TATTOO DESIGNS & SYMBOLS - BIRD OF PARADISE TATTOOS
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Bird of Paradise Tattoo Design Meanings - Bird of Paradise tattoo designs can be found popping up in the most interesting of places, from the artwork of Greg Irons - iconoclastic San Francisco-based tattoo artist and graphic artist in the 60's and 70's - to the traditional Japanese tattooing of previous centuries. What is the attraction? The Bird of Paradise is the 'Diva' of the avian world, the flashy cousin of the raven and crow. The Bird of Paradise was rumoured to have come from the heavenly realms, where it soared through paradise without ever touching the earth. In fact, most of the species are endemic to the forested highlands of New Guinea and nearby islands, but they can also be found in Indonesia and eastern Australia. But the bird, and its legend, have travelled far afield and captured the imagination of people and cultures around the world. It is a testament to the extraordinary beauty of this winged vision.
The first European to file a report on the bird of paradise had this to say about it: "It was like a meteor whose body, cutting through the air, leaves a long trail of light."
Their extravagant appearance is a symbol to some people of elaborate thoughts, a healthy disregard for worldly concerns, and even suggests a special closeness to God, or at the very least, the favor of God.
Above all, the bird of paradise symbolizes just that - paradise -- and the miracle of life on earth. Because the bird is usually depicted in flight, those persons wearing a Bird of Paradise tattoo may be announcing to the world that their psychic kinship is with beings who prefer to 'rise above it all'.
The Bird of Paradise is a solitary tree dweller. Each species possesses its own shrill cry or whistle, and each male keeps his own well-guarded territory. Their flight is slow, perhaps because their habitat is not far reaching, and because they are not a migratory bird. The sexes have little contact with each other outside of mating season when the male's intricate seduction display resembles a wild dance.
New Guineans are said to have copied the rituals of the Bird of Paradise. Their traditional dances still evoke the bird's mating exhibition, its strut and stomp and, above all, its flamboyant plumage, which is said to symbolize the spirit flying. Anthropologist Gillian Gillison says, "By wearing the feathers, you get back the part of yourself that living takes away. You capture the animal's life force. It makes you a warrior." The bird of paradise has become so identified with Papua New Guinea, and the cultural practices of her people, that the bird is featured on the national flag. (from: nationalgeographic.com)
In the southern sky, the constellation 'Apus' refers to the Bird of Paradise. Apus means 'without foot'. Likewise, one of the species is named Paradisaea apoda, meaning 'legless bird of paradise'. No such legless variety exists, and the deceit originates with early native traders in bird skins, who removed the wings and feet before selling them. A legend developed among the earliest European explorers that these birds, visitors from paradise, flew with their faces forever facing the sun, surviving on nothing but air or dew from Heaven, and never touching the earth until they died. The female was believed to have laid her eggs on the male's back, and hatched them as he flew.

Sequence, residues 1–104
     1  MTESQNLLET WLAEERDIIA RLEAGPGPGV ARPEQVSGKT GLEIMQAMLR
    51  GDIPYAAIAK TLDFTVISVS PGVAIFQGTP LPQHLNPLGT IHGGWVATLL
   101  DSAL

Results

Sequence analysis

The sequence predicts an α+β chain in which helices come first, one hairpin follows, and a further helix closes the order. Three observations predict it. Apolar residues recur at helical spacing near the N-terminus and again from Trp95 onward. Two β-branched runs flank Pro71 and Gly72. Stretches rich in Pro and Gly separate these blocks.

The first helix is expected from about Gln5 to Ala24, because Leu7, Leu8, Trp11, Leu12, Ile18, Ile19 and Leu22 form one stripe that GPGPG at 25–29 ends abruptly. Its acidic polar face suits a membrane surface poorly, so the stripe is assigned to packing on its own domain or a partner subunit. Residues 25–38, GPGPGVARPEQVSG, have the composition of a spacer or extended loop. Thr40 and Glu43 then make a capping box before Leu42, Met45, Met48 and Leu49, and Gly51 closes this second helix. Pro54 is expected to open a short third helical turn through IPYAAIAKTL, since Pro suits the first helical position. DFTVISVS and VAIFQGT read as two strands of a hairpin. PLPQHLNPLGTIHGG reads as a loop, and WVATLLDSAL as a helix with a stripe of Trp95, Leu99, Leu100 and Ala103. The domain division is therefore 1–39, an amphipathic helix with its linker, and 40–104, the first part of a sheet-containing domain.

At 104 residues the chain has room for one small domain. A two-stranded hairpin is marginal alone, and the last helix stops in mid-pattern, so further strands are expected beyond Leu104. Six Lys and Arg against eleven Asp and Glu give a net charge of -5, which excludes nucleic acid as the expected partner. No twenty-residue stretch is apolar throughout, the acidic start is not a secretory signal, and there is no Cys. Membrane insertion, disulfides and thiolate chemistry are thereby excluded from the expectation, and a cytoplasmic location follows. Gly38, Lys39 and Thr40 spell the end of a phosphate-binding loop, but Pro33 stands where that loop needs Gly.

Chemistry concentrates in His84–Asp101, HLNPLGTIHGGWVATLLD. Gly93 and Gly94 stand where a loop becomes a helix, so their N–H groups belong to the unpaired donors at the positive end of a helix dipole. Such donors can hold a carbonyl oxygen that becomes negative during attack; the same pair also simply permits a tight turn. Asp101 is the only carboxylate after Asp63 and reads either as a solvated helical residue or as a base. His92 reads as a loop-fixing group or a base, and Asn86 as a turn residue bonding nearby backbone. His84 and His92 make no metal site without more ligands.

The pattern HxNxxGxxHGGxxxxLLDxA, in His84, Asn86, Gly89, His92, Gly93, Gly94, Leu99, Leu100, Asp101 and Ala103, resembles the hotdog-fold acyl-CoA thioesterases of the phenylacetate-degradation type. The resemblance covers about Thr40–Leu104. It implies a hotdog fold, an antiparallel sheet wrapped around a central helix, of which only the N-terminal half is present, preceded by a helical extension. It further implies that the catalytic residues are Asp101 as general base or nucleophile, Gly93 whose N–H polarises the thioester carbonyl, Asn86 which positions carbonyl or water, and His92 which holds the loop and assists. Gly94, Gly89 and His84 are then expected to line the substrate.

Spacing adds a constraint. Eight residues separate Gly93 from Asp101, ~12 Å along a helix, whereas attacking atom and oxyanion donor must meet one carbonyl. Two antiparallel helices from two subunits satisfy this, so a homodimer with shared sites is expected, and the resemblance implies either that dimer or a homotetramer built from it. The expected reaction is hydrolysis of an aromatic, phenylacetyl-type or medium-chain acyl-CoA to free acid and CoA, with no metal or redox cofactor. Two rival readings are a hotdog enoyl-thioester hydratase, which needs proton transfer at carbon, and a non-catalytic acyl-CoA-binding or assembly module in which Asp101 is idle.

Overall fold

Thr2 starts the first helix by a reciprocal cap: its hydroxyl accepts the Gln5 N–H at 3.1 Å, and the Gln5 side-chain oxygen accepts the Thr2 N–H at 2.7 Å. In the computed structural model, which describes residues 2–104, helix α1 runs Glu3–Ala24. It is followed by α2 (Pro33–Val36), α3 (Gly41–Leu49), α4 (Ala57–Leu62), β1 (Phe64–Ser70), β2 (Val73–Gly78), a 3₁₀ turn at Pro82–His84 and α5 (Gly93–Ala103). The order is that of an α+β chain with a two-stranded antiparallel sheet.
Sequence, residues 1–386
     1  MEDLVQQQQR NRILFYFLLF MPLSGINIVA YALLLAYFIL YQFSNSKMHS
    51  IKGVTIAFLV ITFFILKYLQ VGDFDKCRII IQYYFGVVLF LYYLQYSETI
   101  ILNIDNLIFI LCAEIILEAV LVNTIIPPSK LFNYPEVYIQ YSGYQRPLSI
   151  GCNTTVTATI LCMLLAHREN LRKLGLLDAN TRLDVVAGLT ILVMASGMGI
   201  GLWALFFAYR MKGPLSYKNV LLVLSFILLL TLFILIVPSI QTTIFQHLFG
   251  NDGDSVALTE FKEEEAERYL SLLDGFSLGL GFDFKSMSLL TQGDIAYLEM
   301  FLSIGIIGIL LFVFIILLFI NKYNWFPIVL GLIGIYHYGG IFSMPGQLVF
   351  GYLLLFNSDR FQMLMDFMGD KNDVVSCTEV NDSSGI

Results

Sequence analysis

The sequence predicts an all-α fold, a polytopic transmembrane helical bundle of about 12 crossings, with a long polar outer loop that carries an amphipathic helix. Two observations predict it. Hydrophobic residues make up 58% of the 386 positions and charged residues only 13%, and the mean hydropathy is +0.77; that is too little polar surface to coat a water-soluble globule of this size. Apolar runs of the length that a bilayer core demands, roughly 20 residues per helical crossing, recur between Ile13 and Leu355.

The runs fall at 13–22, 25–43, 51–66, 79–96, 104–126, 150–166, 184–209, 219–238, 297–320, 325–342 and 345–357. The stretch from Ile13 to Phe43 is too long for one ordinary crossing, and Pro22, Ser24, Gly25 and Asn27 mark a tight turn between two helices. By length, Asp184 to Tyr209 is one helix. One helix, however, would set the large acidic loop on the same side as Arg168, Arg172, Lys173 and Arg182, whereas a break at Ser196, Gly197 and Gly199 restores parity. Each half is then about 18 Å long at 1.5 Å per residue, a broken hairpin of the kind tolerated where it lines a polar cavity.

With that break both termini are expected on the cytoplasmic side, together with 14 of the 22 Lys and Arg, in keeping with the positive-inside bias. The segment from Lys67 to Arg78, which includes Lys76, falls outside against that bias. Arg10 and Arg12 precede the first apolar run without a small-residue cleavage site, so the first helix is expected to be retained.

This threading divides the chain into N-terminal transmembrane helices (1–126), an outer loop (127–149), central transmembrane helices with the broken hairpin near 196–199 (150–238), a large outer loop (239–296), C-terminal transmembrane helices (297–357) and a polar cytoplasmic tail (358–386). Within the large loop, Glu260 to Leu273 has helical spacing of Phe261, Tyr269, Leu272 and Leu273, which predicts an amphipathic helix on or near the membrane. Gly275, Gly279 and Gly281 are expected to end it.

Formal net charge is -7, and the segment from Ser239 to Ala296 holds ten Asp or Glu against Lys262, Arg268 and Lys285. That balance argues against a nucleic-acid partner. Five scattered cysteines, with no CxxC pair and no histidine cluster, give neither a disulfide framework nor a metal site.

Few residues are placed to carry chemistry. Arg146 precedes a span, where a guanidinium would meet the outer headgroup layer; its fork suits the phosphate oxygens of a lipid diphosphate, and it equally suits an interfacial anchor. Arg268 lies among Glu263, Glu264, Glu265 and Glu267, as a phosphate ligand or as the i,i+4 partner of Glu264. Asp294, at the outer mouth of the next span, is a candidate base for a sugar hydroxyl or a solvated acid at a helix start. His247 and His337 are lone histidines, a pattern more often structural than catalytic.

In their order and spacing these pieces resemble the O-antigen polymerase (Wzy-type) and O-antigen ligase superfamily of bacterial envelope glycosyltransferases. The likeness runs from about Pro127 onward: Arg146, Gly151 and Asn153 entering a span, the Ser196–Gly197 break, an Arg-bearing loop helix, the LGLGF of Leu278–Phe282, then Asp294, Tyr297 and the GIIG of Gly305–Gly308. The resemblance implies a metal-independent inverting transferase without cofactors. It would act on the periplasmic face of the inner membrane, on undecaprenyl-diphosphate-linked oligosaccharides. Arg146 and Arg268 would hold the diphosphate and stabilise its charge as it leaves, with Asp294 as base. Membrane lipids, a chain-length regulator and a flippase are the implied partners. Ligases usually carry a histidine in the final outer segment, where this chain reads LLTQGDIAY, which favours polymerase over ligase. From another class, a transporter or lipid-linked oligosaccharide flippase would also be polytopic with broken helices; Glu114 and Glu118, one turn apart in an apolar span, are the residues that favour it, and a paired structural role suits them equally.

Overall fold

The British poet, John Keats, referred to the 'legless birds of paradise' (in his Eve of Saint Mark). And the 17th century poet, John Milton (author of Paradise Lost), has been likened to a bird of paradise: "...the poet-teacher-bird, whose plume is the pen of poetry."
Some varieties of the Bird of Paradise have been listed as endangered species (indeed, as endangered as poetry in the modern literary realm ), a direct result of the demands of the millinery trade in the 18th and 19th centuries. The birds were aggressively hunted to provide their beauty for the hats of upper class women. The wholesale massacre of the bird no longer takes place, but the black market in exotic plumes continues to thrive. Today, bird of paradise habitat is threatened and being lost to palm oil plantations, to widespread logging of rain forests and to oil, prospecting and mining. To protect the species that are in danger, the government of New Guinea has included all species in their protection legislation. Zoos around the world are playing an effective role in breeding the rarer Birds of Paradise.
South Americans have their own version of the Bird of Paradise, called the 'quetzal'. While not the same species, they share a reputation for beauty, and a common habitat high in dense forests. In Guatemala, the quetzal is the unit of currency as well as their national bird.
Famous Jazz musician, Charlie Parker, whose nickname was 'Bird', wrote a famous Jazz piece aptly called, 'Bird of Paradise'.
Get inspired by some really amazing images and photos in our Bird of Paradise Inspiration Gallery
See also: Bird Tattoo Index
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